As we know Paul, or as he was originally known, Saul, was one of the chief opponents of the ‘new religion’ that proclaimed that Jesus was the Messiah. As we also know he became one of its chief proponents and advocates. His influence was felt throughout the early church and he has shaped our understanding of the Christian faith to this day. His letters are full of sound teaching and practical advice for the earliest believers as they strove to deepen their understanding of Jesus, his message, and the role of the Church.

Paul was full of zeal and his determination to preach the gospel took him across much of the Roman world. He eventually died a martyr’s death in Rome and his body is still venerated there in the basilica that carries his name.

Paul shows us how God can turn things around, how God has plans for us beyond our wildest imaginings. Let us for his prayers to that we too may experience an ever deeper conversion.


St Cecilia – 22 November

November 16, 2018

Music is one of the greatest joys in life. Whatever your taste there must be very few people who are not moved or uplifted by some tune or other. It would be a very sad world without music.

Our religious celebrations are no exception. Music lifts our prayers to new heights. In fact, St. Augustine says that ‘the one who sings prays twice’. So it is good that the celebration of Mass and the sacraments is accompanied by singing.

On Thursday we celebrate the feast day of the Patron Saint of music, St. Cecilia. We know little concrete about her beyond the fact that she seems to have been a martyr in the early Church at Rome. But for centuries she has been depicted with musical instruments and celebrated as the musicians’ patron.

Music in church provides a very important function. It should augment the words and music of the Mass. On occasions it should joyful, on some occasions sober, and at Easter and Christmastide it should be exuberant.

Let us St Cecilia for her prayers so that our musical offerings will always be suitable and appropriate, of the best quality we can bring, and help raise our hearts and minds to God.


Pope St Leo the Great – 10th November

November 9, 2018

Men of all sorts of types, abilities, and weaknesses have occupied the throne of Peter during the church’s almost two thousand year history. But only two have ever been known as ‘the Great’. One we celebrate tomorrow.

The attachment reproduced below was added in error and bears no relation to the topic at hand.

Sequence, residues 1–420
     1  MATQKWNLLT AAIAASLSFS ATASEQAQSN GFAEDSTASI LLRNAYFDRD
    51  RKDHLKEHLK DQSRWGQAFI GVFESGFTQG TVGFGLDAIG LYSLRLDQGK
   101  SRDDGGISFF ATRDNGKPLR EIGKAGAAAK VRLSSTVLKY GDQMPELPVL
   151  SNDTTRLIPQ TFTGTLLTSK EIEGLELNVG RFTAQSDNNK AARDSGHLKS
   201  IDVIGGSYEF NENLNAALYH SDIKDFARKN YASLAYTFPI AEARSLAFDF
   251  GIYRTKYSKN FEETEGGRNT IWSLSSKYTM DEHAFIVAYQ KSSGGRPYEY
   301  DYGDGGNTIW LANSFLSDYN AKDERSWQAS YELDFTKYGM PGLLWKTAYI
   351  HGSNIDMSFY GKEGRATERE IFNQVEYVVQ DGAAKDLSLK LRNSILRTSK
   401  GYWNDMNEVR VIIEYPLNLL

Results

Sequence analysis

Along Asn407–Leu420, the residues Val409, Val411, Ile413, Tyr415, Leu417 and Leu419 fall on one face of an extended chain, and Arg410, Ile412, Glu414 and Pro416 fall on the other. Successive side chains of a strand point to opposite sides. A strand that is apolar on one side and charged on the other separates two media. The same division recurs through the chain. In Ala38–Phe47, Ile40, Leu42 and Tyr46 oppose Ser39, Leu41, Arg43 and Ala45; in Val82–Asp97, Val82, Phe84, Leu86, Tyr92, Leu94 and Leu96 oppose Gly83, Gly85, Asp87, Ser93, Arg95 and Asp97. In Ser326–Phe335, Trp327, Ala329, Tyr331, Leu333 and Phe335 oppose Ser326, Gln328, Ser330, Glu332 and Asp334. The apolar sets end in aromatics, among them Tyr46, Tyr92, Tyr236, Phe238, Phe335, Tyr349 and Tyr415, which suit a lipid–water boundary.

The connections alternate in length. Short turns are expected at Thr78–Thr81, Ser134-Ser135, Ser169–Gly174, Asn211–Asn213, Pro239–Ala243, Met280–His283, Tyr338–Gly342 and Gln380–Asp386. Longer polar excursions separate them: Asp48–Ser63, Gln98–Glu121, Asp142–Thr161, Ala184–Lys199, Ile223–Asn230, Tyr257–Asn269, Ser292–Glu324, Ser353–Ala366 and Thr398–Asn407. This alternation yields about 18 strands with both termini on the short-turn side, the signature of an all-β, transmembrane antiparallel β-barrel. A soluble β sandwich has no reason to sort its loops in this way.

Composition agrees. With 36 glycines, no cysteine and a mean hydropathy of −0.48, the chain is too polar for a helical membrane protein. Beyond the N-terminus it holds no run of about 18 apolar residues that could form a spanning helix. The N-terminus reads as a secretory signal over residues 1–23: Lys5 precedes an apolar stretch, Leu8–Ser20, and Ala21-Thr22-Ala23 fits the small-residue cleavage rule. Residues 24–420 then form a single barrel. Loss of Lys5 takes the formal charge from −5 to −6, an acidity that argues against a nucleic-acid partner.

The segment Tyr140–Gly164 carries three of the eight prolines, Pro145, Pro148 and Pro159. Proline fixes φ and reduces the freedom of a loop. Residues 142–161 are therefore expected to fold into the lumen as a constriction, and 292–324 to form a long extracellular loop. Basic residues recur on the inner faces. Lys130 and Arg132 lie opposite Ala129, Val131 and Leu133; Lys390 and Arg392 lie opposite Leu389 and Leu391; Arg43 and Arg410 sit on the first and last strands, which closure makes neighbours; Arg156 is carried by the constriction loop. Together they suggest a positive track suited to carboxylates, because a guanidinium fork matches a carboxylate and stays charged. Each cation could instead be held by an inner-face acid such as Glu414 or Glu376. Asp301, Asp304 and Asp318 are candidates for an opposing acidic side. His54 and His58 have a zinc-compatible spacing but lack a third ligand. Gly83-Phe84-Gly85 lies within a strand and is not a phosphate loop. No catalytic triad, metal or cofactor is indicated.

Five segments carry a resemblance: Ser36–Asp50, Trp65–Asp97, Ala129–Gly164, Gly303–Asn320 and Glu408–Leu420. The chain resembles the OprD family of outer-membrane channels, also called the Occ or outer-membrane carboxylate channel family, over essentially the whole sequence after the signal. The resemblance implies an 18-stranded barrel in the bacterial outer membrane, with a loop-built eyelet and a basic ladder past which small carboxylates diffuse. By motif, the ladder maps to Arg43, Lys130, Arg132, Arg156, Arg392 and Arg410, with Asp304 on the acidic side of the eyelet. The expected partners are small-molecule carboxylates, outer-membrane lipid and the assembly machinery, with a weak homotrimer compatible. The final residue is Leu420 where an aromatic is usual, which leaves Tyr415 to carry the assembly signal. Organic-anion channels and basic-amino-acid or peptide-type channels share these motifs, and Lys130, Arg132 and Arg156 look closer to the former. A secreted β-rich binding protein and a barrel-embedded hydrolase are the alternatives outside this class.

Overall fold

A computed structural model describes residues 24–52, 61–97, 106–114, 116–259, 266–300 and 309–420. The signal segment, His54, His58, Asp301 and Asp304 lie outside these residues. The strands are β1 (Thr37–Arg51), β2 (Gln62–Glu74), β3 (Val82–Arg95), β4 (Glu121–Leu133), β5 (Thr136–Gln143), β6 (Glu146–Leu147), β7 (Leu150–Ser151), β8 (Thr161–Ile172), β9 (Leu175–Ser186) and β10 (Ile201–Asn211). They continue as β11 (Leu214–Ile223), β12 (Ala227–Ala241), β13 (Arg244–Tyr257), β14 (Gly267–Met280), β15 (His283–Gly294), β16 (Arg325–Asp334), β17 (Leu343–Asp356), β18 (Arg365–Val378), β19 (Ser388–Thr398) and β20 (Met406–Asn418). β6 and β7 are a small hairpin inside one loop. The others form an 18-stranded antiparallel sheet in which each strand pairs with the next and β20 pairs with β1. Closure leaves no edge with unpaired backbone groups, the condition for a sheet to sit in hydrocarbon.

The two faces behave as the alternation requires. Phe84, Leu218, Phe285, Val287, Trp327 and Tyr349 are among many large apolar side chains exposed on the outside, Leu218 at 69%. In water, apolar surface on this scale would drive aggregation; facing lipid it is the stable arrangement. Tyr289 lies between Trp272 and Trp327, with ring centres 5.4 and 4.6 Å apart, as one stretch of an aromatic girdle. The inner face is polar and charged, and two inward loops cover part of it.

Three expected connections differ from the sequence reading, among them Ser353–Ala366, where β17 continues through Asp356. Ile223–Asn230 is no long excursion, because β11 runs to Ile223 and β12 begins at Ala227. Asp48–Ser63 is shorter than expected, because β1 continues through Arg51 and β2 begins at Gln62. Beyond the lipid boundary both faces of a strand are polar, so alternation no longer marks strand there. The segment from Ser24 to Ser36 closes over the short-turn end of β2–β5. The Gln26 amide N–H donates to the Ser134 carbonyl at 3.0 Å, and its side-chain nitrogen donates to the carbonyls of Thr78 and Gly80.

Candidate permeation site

Leo was elected Pope in 440. It was a time of total upheaval in the western world as the old certainties provided by the Roman Empire collapsed with it. Plague and pestilence were common, and barbarian invaders showed no mercy to the peoples they conquered.

Leo showed himself again and again a man of great courage. He met Attila the Hun and persuaded him not to destroy the city of Rome. He insisted on the pre-eminence of the bishop of Rome as the successor of St.Peter. He proclaimed clearly and unequivocally the mystery of the incarnation. He was resolute, determined, and possessed of great charisma. When he died in 461 the church and society were safer than before.

We too live in turbulent times – though not so turbulent as those of Leo. He is an example to us. He did not shrink from asserting what he knew to be true, and to insist on the claims of justice and the need for peace.

May Pope St Leo the Great pray for us.


All Souls – 2nd November

November 5, 2018

Today we keep the movingly beautiful Commemoration of All the Faithful Departed, All Souls Day. The tone is far more sombre than yesterday’s celebration – in place of the white vestments the priest wears purple, or even better black at the altar. Often unbleached candles are used in place of the standard ones. We are called to reflect on the reality of death.

But that reflection, while sobering, is not morbid and certainly not without hope. In fact we celebrate the Mass in the power of Christ’s death and resurrection.

We know that our prayers can help the souls in purgatory to gain the forgiveness they have always wanted. It’s a day when we remember those of our family and friends who have gone before us. It’s a day when we acknowledge our own mortality. It’s a day when we remind ourselves of the communion of saints in which all the baptised share.

Praying for the dead is a very important part of our Catholic faith. We do not think ‘out of sight, out of mind’. Far from it. We realise that the dead are still very much part of the Church. We should ensure that our children know and use the basic prayers for the dead.

Eternal rest grant unto them, O Lord. And let perpetual light shine upon them. May they rest in peace. Amen.